08.11.17 | 0 Comments|
When it comes to the casino software sector in the UK, there are a handful of dominant players accounting for the bulk of the market. Between them, Playtech, Microgaming and NetEnt serve the majority of top tier casino providers, in addition to holding strong representations in other verticals. So how are these companies faring in 2017 so far, and with 2018 right around the corner, how are they positioned to take account of the new emerging challenges in this market?
Playtech have been enjoying rapid growth since 2010, fuelled by an ambitious acquisition strategy spanning right across the broader gaming industry. In 2015, the company best known for its slots products started broadening its horizons in financials, ramping up the pace of their M&A activity. In 2017 so far, Playtech can lay claim to two successful acquisitions – that of Australian developer Eyecon, famous for their Fluffy Favourites slot, amongst others, and more recently, the acquisition of UK-based broker Alpha, in a deal worth £117 million.
Analysts view their strategy as an attempt to consolidate their position ahead of the pack, and by branching out into multiple different verticals, Playtech are not shy about throwing their weight around. In part, this is a defensive move from the company, helping fend off the rise of credible challengers in an environment that becomes increasingly competitive with each passing year. However, it also leaves them potentially vulnerable to bigger downturns – the bigger they are, the harder they can fall.
Nevertheless, the position today means Playtech are arguably the most dominant force in slots and online casino games, not to mention their relentless grip on the big sports betting brands. Interestingly, Playtech stick to insisting on exclusivity amongst their licensees, in a move designed to crowd out the market for other competitors. When you consider Playtech can boast big wins such as a £6.2 million win on Beach Life in 2012, and £4.5 million more recently through one of their bingo sites, it’s clear they have the clout to pull off this kind of strategy.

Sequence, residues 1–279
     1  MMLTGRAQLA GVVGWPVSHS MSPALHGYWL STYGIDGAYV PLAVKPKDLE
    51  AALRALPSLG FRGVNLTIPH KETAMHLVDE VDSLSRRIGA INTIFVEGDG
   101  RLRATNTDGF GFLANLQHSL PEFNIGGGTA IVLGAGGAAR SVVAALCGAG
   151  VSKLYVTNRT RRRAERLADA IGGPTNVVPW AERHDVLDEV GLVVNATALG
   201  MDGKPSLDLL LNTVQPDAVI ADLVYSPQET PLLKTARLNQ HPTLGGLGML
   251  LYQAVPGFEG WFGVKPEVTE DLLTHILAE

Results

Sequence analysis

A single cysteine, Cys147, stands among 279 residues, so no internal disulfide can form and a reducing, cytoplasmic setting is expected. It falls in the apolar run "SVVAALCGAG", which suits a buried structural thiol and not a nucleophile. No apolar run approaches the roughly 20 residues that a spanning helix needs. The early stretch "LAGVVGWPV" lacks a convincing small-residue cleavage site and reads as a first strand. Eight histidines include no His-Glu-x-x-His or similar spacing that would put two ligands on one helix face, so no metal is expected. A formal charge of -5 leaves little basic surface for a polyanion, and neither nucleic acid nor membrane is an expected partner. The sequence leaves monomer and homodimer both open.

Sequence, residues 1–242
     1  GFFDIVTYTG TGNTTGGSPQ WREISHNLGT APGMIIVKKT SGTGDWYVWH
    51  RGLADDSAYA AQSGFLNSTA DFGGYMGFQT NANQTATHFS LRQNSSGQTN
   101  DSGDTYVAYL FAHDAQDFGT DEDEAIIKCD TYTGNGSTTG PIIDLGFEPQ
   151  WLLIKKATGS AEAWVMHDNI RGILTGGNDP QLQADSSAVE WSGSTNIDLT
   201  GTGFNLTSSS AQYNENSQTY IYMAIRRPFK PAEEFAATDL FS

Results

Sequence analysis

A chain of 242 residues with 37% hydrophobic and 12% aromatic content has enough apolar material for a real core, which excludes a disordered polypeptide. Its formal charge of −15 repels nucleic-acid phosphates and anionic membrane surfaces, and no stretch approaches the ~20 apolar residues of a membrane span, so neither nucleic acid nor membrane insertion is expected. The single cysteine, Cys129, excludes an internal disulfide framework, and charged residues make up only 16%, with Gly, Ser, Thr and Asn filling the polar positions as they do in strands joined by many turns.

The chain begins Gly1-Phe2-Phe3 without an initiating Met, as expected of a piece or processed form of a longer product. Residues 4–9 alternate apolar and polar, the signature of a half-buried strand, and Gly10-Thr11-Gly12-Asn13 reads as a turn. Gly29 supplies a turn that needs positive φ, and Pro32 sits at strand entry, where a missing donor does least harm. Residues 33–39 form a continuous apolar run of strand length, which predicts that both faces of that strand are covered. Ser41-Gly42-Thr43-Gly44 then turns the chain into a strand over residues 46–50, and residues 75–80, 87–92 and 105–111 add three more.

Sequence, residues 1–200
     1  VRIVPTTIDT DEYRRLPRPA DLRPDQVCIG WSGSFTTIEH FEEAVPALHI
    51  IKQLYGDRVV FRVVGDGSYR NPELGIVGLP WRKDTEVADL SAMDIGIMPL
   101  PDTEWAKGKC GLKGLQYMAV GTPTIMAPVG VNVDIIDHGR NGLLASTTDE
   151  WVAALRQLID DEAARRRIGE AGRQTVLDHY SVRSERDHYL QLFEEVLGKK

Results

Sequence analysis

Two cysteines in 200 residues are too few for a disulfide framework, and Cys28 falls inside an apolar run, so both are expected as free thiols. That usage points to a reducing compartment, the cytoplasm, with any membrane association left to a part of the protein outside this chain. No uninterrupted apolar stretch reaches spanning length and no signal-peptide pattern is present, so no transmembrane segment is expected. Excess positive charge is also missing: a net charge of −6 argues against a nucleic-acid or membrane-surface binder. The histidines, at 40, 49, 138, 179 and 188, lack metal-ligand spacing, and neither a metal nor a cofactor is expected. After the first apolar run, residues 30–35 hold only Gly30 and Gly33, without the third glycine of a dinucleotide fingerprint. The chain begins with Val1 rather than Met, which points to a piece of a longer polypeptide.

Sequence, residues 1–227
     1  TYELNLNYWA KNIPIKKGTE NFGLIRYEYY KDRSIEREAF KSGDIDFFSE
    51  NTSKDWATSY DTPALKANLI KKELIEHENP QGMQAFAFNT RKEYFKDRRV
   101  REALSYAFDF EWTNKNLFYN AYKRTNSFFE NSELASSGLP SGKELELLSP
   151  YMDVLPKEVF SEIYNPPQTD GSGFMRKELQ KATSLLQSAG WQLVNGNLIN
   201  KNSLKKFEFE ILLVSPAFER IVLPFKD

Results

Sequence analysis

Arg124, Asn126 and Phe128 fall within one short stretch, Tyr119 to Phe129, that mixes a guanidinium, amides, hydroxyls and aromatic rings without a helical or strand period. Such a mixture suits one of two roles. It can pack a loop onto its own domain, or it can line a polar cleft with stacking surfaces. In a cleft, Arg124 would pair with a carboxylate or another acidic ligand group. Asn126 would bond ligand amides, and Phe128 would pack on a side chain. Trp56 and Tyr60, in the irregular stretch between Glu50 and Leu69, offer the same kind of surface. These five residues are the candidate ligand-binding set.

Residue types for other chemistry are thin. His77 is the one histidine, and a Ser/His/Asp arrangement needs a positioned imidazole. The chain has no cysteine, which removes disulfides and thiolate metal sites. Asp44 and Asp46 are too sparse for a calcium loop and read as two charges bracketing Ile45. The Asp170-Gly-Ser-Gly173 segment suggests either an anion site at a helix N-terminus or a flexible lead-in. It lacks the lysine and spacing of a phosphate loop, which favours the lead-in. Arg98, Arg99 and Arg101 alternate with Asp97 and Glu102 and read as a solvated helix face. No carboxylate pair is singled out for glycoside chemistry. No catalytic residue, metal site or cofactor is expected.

So are the others taking heed, or blazing their own trail through 2017 and beyond?
Microgaming has had a busy year in 2017 so far, with plenty of licensing deals, big wins, new game releases and corporate developments along the way. By revenue, Microgaming remains one of the big three players in the casino software market, but have now chosen to adjust their strategy as far as licensees are concerned. Traditionally, Microgaming operated in an environment where licensees were free to use their software in conjunction with other licensed providers, a move that was designed to help them capture market share against more established competitors. But with the release of their Quickfire platform, which allows easier, speedier gaming in-browser, Microgaming have started to follow the same path as Playtech, in terms of insisting operators exclusively rely on their software.
This creates an interesting power struggle in the industry, effectively forcing casino operators to choose one side or the other, as a term of their games licenses. One of the major advantages for Microgaming, however, remains their key focus on developing arguably the best slots amongst the big three. This, combined with huge jackpots and famous slots brands, like Mega Moolah, ensure Microgaming will still be there throughout 2018 and beyond, effectively securing their business through brand recognition and game quality.
Additionally, this year has seen Microgaming open their new headquarters in the Isle of Man, cementing their shift in focus away from specifically Scandinavian markets to serve a much broader client base.
Formerly focused almost exclusively on the Scandinavian markets, NetEnt saw their opportunity to expand worldwide and took it. Today the company competes directly with Playtech and Microgaming in the slots space, as well as its ventures into live gaming with the NetEnt Live platform. NetEnt differ from the other two in the sense, that they do not (yet?) insist on signing exclusive agreements with their licensees – perhaps a shrewd position amidst competition increasingly looking to lock up the market.